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5 of 5 people found the following review helpful
5.0 out of 5 stars Life Prison (Mercy's Prisoner 1) by Dusk Peterson, October 23, 2008
This review is from: Life Prison (Life Prison: Mercy's Prisoner #1) (Kindle Edition)
Life Prison is a tale on the Mercy's Prisoner series; it's setting in a fantasy world which resembles the Victorian period. In this world, life in prison is regulated as in the Dante's Inferno, every circles (prison's level) hides an atrocity for the prisoners who deserve to be there. Mind this last point: the prisoners are not innocents hold in captivity for some unbelievable injustice, they are guilty and sometime of an atrocity maybe even worst of what they now suffer in prison.

Merrick is a murder of the worst type: he consciously killed his three years old niece. He didn't act on the spur of the moment, he planned the kill; and now he replies it in his memory as the best moment of his life. In prison Merrick is not thinking at freedom, he is thinking at death; he wants to die but the only rule the guards have is to not kill the prisoners, or to not help them to kill themself. Other than, guards can do whatever they want, and they have no problem at follow this rule. Prisoners are no more than free whores for the guard who have them in hold.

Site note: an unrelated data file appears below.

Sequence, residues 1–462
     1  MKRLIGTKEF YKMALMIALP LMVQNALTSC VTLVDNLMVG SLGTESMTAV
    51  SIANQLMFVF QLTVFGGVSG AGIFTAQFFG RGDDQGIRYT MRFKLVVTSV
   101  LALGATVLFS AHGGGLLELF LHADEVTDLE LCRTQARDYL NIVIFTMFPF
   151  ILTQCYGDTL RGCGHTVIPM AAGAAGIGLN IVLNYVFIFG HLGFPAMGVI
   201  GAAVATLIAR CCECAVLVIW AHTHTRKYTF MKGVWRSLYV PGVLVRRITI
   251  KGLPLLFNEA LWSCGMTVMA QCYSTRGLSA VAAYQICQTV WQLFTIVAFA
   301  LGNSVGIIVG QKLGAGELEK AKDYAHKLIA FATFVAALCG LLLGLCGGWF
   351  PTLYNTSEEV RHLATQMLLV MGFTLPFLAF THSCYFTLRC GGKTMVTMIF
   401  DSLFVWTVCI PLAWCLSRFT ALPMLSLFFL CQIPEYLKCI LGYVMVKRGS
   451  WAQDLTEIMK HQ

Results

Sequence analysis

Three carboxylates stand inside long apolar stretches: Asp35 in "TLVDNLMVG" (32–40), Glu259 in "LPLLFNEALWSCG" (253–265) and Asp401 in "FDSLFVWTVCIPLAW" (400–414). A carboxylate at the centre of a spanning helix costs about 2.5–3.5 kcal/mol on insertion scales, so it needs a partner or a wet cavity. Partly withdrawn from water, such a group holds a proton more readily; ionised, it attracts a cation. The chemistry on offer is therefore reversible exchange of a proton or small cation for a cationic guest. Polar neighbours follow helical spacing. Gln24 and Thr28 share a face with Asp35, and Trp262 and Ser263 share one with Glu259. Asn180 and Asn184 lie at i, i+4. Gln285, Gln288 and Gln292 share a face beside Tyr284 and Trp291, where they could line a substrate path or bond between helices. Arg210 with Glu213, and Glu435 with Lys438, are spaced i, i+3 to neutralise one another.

To Merrick is assigned a new guard, Thomas. Thomas is young and idealist and the truly thinks that life in prison, even if a forever captivity, could be dignified for the prisoners. The initial incredulity of Merrick turns at first in opportunity: maybe Merrick can manipulate this man, maybe he can reach his purpose. But Thomas, for how young he is, it's not so naivee as he seems. Merrick will learn that a firm hold can be more tight than a strong one.

It's not a romance what happens between Merrick and Thomas, but it's a relationship. They build something together, even if it's not love. Reading the play of minds is almost as good as reading the sexual interaction between the two.

Life Prison is the tale of what the title tells right: the life in prison; it's not a journey toward freedom, or better it's not a journey toward the freedom outside the prison, but it's the journey of a man who learns to "live" in prison. Till he meets Thomas, Merrick is not living, he is waiting to die. Merrick is not a man who can live outside: he finds in prison, and in the confinement of prison, a suitable environment for him; outside he would be a criminal, a reject of the society; inside he is a man.
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